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About the Planetarium

About the WVHS Planetarium

In 1975, the Waubonsie Valley High School Planetarium opened with the high school. While housed at Waubonsie Valley High School, the planetarium is the science and technology center for Indian Prairie School District 204.

The WVHS Planetarium serves students of Indian Prairie School District 204 by providing astronomy programs to students at their grade level. Every program is presented live in order to provide lessons directly linked to learning standards and classroom curriculum. In the 2008-2009 school year 20,000 people visited the WVHS Planetarium to learn about the night sky. This was the highest attendance in the planetarium's history.

The planetarium also opens its doors to the local community. Everyday the planetarium welcomes various groups including field trips, scouts, the public, and other organizations. Programs currently being offered include family nights and scout programs. Along with serving the local community, the WVHS Planetarium is affiliated with regional and national organizations.

The WVHS Planetarium was selected by NASA to participate in a national unveiling of a new image of the Pinwheel Galaxy (M101). Only 118 locations were selected across the United States. On February 20, 2009 four hundred people participated in the unveiling event held at Waubonsie Valley High School. The new image will permanently hang in the planetarium for visitors to enjoy.

The Naperville Astronomical Association & the WVHS Planetarium celebrated the International Year of Astronomy 2009 with A DAY OF ASTRONOMY on Saturday, October 3rd, 2009. The free public event included exhibits from Adler Planetarium, FermiLabs, SciTech, NAA, and Illinois Coalition for Residential Outdoor Lighting. Activities included lectures, planetarium programs, workshops, telescope observations, door prizes, etc. Several hundred visitors of all ages participated in the event.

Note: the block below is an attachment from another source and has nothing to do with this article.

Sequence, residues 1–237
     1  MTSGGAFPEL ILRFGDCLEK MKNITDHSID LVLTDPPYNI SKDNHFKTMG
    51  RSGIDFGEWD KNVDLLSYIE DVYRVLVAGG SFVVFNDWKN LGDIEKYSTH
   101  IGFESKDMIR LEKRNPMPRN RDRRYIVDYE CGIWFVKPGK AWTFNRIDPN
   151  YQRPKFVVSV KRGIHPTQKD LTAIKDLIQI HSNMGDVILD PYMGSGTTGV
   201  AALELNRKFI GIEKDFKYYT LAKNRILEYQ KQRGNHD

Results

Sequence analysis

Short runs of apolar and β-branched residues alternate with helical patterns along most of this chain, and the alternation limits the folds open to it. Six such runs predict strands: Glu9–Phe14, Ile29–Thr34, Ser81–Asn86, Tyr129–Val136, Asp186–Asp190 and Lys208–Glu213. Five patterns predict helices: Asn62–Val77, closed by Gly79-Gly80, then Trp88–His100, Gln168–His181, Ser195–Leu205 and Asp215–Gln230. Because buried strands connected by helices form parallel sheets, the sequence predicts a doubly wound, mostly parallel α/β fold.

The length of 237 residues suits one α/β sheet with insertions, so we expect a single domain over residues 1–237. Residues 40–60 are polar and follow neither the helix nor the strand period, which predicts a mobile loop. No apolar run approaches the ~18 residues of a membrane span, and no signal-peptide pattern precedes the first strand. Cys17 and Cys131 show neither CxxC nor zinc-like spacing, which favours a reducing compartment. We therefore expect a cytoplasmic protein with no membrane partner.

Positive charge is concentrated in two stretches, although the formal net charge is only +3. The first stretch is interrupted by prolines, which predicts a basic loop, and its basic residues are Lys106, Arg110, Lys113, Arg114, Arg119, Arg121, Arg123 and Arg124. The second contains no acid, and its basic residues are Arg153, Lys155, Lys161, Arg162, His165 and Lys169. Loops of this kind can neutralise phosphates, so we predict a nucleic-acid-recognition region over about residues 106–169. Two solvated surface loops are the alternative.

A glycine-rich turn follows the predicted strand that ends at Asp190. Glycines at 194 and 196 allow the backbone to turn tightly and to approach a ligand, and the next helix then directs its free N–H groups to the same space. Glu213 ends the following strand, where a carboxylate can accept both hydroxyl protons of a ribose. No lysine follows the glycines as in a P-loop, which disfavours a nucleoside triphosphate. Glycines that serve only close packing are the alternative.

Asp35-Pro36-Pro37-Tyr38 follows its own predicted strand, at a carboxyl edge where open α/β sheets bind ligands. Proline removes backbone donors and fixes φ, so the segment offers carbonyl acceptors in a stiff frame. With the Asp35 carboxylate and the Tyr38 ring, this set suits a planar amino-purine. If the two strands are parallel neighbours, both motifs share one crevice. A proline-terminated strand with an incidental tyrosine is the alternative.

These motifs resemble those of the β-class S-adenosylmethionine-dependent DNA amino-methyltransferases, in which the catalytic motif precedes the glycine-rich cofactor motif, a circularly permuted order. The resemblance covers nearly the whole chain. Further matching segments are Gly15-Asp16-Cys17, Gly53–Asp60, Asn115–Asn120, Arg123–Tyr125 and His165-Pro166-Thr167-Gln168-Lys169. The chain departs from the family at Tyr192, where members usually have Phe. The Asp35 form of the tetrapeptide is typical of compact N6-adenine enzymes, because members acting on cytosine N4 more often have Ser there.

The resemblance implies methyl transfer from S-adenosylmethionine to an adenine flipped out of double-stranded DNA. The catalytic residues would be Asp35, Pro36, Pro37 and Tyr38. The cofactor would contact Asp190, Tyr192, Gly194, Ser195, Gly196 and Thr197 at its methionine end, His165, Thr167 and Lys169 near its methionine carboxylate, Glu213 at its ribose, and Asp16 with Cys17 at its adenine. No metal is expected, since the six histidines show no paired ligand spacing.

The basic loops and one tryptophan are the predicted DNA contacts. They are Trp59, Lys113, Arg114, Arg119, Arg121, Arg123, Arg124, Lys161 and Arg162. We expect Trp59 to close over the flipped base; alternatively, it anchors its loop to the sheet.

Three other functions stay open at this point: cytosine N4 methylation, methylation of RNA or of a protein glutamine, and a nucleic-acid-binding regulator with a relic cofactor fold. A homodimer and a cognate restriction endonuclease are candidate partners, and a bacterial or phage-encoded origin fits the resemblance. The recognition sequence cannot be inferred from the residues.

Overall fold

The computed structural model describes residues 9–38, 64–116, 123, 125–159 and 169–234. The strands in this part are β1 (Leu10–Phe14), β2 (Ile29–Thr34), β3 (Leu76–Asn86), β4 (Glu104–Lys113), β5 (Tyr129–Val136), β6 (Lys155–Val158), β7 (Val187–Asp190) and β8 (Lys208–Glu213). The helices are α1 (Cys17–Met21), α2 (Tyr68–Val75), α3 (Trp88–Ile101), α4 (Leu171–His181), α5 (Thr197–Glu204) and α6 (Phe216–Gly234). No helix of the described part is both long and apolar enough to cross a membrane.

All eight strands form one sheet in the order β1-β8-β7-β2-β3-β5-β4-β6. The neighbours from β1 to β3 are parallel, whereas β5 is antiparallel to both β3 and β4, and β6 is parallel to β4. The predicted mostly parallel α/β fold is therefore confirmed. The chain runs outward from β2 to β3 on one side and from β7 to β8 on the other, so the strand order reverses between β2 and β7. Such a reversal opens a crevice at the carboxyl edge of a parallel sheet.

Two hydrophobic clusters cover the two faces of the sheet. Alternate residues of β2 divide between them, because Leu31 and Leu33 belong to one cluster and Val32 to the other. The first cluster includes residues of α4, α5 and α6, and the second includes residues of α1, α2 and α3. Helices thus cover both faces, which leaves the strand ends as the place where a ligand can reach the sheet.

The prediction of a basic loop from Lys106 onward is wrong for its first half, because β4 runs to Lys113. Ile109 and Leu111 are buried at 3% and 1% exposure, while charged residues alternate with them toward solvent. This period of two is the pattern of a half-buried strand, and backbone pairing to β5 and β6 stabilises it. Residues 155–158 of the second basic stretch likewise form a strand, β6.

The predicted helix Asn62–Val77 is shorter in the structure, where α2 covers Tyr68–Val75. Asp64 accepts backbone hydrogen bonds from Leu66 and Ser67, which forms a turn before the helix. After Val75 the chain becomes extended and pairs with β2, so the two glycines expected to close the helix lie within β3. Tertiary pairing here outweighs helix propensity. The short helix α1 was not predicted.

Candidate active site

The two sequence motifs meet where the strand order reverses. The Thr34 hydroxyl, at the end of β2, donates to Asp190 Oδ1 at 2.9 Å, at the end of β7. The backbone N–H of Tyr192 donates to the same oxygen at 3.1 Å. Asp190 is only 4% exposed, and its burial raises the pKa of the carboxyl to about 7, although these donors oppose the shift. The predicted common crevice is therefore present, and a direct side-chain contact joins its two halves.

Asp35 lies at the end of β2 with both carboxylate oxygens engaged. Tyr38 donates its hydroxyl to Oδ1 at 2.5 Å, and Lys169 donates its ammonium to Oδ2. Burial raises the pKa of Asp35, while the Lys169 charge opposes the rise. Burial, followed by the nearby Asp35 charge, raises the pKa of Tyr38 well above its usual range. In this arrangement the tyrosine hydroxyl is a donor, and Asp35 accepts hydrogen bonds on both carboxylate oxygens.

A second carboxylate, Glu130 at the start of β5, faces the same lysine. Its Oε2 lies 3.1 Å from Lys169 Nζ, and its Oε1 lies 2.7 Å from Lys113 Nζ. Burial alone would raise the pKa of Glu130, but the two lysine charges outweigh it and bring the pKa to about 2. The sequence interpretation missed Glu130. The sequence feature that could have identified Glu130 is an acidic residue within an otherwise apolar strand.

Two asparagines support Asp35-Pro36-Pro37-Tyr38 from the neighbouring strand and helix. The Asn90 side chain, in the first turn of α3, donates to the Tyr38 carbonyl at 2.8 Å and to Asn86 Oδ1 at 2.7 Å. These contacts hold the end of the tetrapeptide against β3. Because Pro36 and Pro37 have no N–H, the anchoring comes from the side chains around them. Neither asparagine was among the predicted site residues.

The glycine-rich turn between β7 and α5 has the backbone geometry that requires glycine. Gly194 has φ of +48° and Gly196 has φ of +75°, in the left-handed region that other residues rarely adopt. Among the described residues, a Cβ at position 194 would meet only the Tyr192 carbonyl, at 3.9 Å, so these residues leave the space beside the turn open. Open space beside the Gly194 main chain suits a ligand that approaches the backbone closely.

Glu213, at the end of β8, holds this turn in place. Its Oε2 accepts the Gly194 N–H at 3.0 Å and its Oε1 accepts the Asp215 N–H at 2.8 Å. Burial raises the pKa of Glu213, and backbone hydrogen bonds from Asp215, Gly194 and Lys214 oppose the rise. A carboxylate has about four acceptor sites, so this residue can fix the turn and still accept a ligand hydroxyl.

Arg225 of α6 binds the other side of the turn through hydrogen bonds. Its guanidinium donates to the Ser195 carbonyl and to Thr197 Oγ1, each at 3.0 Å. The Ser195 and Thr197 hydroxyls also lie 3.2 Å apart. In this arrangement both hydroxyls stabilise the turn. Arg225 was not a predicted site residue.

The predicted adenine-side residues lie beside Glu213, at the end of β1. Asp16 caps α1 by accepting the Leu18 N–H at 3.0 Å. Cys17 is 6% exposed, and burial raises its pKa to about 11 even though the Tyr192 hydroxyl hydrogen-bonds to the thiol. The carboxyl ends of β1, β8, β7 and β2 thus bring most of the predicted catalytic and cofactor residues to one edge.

The WVHS Planetarium celebrated its 40th Anniversary during the 2015-16 school year. Read the Naperville Sun's Article. The planetarium hosted a Night of Science on Friday March 3rd, 2016. Several hundred visitors sang 'Happy Birthday' to Big Blue Guy with blue iced cupcakes.


Location & Entrance: Planetarium's dome is located on the south end of the high school building. Enter at door #11 between preschool playground and dome. 

What Is A Planetarium?

What is a Planetarium?
If you have never heard of a planetarium, you might be thinking that it has something to do with plants or planets. If you know it has to do with the sky, you might be thinking it is a big telescope. If you have a first grader who has been on a field trip to the planetarium, you might have heard about Big Blue Guy.

A planetarium creates an artificial sky, including the sun, moon, stars, and planets, which appears and moves to simulate the real sky. The heart of the planetarium is the star projector, which makes this artificial sky on the dome. Few realize that the WVHS Planetarium and its star projector are original to the high school, which opened in 1975. Our projector is a Minolta Series IIB, which means little to a first grader. As anyone enters the planetarium, the projector is hard to miss. It stands 15 feet high, has two ends that look like heads with eyes, and is blue all over, hence, the nickname ‘Big Blue Guy’.

What's the difference between an Observatory & Planetarium?
Observatories have telescopes which are instruments that are used to view distant objects. Through a telescope you view the real sky. Planetariums have star projectors that make an artificial sky that looks like the sky you would see with your eyes.

Why come to a planetarium when you can see the real thing in your own backyard?
Even though it is artificial, the planetarium offers many advantages for stargazing. Outdoor stargazers must contend with the cold, cloud cover, unwanted light from streets, and the city glow in general. The star projector can also change time. Visitors see the night sky every program, no matter what time the program starts.


Directors of the WVHS Planetarium
 William "Bill" Hill 1974-1979
  • First Science Department Chair at Waubonsie Valley High School.
  • Oversaw the construction of the planetarium and the installation of the equipment.
  • Retired in 1979 after a 35 year career as a public school teacher.
 Dr. Jeffery Hunt 1979-1996
 Mary Schindewolf Masui 1996-2006

 Stephanie Gove Rybka 2006-present



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